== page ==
My husband and I love to travel together, but no matter how close you are or how long you’ve been together, travelling together can be both a rewarding experience and a potential minefield.
Over the last 30 years we’ve learnt a lot about how to get the most out of a trip by respecting each other’s travel personalities:
- We both need time apart as well as time together
- I enjoy some down-time to lie by a pool or on a beach and read a book and he doesn’t
- He likes to have a tv in the room and I don’t
- I like art galleries and museums and he doesn’t
- He likes to shop and I don’t
- He likes to pack ahead and I’m a last-minute girl
- I don’t like to overindulge at breakfast because I don’t want to miss out on lunch – he’d prefer to have a big breakfast and manage with a snack at lunchtime
- I like to get to an airport, do the check-in thing and sit down with a drink and a book to wait. He doesn’t like to get there early and once checked in will then want to chat about pretty much nothing while I’m trying to zone out.
- We both enjoy foodie walking tours
- We both enjoy wandering and ending up somewhere we didn’t expect to
- We both enjoy road trips
- We both love produce markets
- We both enjoy street food but will book one “special” night out each trip
Fortunately, he’s happy to people watch if I want to do the museum thing, and I’m happy to read if he wants to watch tv. We’re cool about each other’s personal space and as a result, he’s still my favourite person to travel with – even though he does do my head in at airports and don’t get me started on him and menus.
Where are you likely to find your partner in a new city you’ve travelled to?
Grant – Absolutely not in the shops or on the high street. I’d find her in a slightly edgy or grungey coffee shop – drinking tea – with her journal. Probably somewhere with street art.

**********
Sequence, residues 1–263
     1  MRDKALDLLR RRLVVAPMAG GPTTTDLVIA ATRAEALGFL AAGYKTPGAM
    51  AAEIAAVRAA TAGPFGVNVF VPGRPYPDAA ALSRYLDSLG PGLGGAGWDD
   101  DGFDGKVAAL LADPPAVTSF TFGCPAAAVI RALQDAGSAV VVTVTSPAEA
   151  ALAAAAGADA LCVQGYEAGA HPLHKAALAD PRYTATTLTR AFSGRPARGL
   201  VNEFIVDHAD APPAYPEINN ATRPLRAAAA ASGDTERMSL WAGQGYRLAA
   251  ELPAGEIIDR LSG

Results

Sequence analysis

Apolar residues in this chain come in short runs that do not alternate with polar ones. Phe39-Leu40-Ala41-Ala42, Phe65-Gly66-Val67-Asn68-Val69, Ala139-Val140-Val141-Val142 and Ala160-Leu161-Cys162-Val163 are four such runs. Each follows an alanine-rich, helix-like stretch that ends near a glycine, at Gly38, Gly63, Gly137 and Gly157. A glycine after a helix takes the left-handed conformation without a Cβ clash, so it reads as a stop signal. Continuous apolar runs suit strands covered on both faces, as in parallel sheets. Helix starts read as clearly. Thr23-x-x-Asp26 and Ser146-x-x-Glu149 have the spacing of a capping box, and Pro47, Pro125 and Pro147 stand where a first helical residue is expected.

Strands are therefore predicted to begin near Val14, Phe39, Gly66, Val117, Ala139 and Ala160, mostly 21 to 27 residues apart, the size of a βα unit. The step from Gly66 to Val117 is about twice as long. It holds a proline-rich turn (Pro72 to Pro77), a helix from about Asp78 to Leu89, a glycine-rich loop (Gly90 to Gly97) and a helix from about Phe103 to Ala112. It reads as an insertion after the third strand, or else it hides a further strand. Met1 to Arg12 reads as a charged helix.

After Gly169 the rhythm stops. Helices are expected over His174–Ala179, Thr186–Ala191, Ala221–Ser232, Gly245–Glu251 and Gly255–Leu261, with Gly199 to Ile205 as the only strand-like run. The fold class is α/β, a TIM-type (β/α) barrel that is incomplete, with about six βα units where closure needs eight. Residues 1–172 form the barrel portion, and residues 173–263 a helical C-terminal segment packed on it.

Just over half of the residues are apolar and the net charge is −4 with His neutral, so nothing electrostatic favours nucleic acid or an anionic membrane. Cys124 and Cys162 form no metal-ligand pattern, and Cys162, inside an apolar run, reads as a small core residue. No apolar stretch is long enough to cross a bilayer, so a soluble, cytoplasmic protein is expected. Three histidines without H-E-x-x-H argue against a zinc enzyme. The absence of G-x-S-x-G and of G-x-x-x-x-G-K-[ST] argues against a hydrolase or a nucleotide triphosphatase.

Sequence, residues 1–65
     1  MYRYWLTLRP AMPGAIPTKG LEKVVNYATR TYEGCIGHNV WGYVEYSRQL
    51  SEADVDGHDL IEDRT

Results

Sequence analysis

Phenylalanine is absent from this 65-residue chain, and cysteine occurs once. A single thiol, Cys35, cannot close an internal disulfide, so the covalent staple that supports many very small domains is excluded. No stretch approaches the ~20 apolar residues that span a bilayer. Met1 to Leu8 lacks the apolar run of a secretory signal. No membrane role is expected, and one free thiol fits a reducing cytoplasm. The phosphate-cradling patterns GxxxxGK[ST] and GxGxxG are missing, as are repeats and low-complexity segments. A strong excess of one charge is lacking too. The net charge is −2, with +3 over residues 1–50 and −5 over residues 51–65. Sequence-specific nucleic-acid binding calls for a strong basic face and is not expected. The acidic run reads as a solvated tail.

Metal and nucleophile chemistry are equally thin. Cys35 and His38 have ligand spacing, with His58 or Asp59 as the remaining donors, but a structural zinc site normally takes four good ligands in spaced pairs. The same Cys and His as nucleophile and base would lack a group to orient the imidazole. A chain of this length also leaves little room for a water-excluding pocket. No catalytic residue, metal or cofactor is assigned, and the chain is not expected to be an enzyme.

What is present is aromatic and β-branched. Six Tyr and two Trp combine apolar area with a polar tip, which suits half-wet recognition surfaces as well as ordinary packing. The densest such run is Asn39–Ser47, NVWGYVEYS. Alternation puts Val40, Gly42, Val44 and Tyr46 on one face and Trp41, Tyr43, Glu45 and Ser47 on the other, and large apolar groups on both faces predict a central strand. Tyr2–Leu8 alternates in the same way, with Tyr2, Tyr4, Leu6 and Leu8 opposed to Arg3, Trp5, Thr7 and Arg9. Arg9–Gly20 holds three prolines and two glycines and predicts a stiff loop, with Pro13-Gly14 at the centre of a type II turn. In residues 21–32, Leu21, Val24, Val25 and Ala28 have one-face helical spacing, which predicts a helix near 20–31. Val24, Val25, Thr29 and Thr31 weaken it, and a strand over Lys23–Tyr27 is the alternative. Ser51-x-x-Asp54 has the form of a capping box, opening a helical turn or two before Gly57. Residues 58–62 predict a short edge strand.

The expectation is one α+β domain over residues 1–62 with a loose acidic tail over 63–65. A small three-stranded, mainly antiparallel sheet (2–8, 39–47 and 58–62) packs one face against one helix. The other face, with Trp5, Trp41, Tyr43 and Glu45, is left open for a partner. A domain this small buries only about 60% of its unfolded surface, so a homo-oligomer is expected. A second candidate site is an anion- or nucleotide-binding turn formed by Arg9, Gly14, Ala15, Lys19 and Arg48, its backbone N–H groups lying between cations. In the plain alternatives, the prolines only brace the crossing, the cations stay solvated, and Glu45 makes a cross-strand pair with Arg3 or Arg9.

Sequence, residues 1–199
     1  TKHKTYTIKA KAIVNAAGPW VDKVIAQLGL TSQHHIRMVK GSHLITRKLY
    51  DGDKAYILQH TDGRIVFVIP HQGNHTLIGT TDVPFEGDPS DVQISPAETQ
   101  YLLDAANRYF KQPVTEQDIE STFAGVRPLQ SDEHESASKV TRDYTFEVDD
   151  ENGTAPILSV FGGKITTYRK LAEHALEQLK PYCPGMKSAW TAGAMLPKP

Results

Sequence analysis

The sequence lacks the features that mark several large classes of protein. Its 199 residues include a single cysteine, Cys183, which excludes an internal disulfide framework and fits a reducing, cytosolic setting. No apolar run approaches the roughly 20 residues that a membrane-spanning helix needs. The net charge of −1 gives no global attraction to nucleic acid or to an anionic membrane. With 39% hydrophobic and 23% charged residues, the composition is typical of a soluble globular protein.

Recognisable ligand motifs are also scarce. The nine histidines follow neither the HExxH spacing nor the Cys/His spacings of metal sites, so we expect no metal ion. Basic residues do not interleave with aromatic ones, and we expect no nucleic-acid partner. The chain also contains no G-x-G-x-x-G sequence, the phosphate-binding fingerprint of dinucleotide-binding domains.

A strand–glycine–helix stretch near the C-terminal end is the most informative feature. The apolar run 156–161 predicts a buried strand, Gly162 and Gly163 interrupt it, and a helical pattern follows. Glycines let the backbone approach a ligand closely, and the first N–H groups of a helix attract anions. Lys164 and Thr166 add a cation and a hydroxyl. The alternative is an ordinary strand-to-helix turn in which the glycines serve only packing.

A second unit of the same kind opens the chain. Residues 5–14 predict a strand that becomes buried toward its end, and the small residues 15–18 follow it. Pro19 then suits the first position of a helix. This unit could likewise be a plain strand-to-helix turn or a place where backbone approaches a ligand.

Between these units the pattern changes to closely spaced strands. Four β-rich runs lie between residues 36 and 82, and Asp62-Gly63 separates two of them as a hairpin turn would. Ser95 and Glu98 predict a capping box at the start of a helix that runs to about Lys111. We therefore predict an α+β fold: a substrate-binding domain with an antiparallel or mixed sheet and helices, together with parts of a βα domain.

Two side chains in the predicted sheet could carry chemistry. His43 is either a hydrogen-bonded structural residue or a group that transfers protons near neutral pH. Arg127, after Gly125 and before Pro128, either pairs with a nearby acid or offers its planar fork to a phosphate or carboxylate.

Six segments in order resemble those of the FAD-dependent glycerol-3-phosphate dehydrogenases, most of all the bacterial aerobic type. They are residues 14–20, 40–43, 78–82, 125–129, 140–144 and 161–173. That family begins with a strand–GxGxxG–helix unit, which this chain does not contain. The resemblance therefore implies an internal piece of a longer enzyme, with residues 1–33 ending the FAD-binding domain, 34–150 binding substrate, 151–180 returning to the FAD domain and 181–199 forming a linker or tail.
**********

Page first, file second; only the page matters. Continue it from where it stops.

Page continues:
Jo – Sitting in a park watching the world go by probably waiting for me to take a photo or finish in a gallery or museum.
What’s the first thing your partner does in a new city?
G – Take to the streets on a walking tour. She hates those introductory city tours where at the end they take you to one of those gem/batik/craft/whatever stores. She has no tolerance for that.
J – Whatever walking tour I’ve booked us on.
What is your partner’s travelling downfall?
G – She’s so paranoid about missing planes that she’s always way too early and we have too long at the airport. She’s a control freak and doesn’t trust any booking she hasn’t made herself. She also doesn’t like being managed. I remember a bus tour we did around Europe many years ago and her mood when she was told where to be by what time. We had a deal where we’d only do the included tours and everything else would be on our own.
J – He’s a “just in time” man and doesn’t allow for local traffic conditions. While he likes to pack early, he starts getting ready to leave at the time we need to be gone. These days I tell him we need to be gone 30 minutes before we actually need to be gone. He worries more about the budget than I do – both a plus and a minus. He doesn’t like to change destinations if it involves another flight and more time in an airport.
What is your partner’s travelling personality?
G – She likes to have transport and accommodation organised, and a list of other things researched but likes to wander and have lots of unplanned time. She hates feeling too structured and managed.
J – It’s about the people and culture for him. He likes to get under the skin of a place. He doesn’t like a fixed schedule and wants to be able to spend as long as he wants if it’s somewhere that’s interesting.